However, my involvement with the MCMR&HS gives me the opportunity to be around model trains without having the full responsibility for the construction or maintenance. It has been enjoyable to see the layout in the barn come to life. I find it especially rewarding because I can see the remains of the actual operations in the woods and the layout is an excellent representation of the local historic logging activities.
I first saw the model train layout at the Botanical Gardens when my wife, Nancy, and I visited Fort Bragg to escape the heat at our home in Grass Valley. Just as we decided to move here permanently, the model train club was evicted from the Gardens. That's when I offered to Tony (the club historian and fellow ex-pat from England) to create and manage a website, when they found their new home.
Well, since then, not only has the club found a new home in the old Carpenter's Barn by the Skunk...
...Train Depot, but Tony has continued to research and write wonderful content for our website, for which I'm webmaster. It's now grown to over 400 pages, 5,000 photos and 150 videos. We get 8 million hits, 300 thousand visitors and download 500 Gigabytes of information a year.
I have to confess to having not being a model train enthusiast (at all) - just a website designer (retirement hobby), but I do appreciate the wonderful comradeship, diverse skills and patience of our club members and have come to enjoy model trains.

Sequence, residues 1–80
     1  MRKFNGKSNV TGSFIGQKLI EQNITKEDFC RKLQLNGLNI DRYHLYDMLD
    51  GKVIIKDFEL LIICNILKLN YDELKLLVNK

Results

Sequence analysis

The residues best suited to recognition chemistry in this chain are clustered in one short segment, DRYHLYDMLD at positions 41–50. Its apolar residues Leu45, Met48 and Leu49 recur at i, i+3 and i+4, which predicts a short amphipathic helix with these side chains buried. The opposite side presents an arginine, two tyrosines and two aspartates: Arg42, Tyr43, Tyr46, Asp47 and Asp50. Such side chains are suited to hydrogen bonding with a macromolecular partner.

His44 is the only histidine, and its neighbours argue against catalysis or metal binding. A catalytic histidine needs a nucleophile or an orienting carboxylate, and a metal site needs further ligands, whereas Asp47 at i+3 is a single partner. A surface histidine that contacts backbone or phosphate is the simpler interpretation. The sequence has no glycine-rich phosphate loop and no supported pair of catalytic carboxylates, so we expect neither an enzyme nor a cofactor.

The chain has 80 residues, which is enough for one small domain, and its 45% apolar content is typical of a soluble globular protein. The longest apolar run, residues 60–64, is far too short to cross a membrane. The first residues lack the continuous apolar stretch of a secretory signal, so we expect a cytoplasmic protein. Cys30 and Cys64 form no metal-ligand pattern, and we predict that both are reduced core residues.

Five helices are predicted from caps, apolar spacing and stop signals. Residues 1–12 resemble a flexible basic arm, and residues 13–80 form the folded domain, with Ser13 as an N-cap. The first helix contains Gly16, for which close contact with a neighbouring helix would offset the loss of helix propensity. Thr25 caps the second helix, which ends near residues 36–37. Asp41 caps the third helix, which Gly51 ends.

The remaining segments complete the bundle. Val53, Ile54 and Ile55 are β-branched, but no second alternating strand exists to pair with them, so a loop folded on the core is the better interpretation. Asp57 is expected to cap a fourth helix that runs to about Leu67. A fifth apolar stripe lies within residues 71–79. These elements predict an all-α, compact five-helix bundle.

It's a long way from when I graduated as an Electronic and Electrical Engineer and designed radar systems back in the UK. But I'm loving it.
My first recollection of railroads and steam engines occurred when my father brought home the beginnings of his Maerklin HO collection. Originally Merrill Worthen placed the metal German trains in his upstairs bedroom, but upon remarriage, my step-mother had the trains relegated to the colonial basement of Merrill's Massachusetts Ship Captain's home.
Real steam was soon experienced on the Cranberry Belt of Edaville Railroad, a two-foot line around cranberry bogs of South Carver, equipment formerly from defunct narrow gauge Maine lines.
Relocating to Fort Bragg, California, from Heath, Texas, in 2003, I took up music and theatre hobbies (which I still actively pursue), taking me, via arts advertising sales, to the then offices of Tony Phillips of the MCMR&HS at Fort Bragg's Botanical Gardens. Noticing...
...the various train model and railrodiana laying around, it was agreed that a TT scale layout would be made for a winter/Christmastime train display, as I had sets of German TT trains stored with my Maerklin at home.
Years later MCMR&HS is now in the historic Carpenter Barn of the California Western Skunk Train Railroad, a soon-to-be completed fully operational logging railroad! You can often see and hear me in local operas, musicals and shows, as well as spotting me in a costume on the Skunk Train, entertaining wine lovers on Mendo Wine Tours, and, of course, pointing out historical dioramas to visitors at the Barn layout.
You can contact Steve through the club, or at firstname.lastname@example.org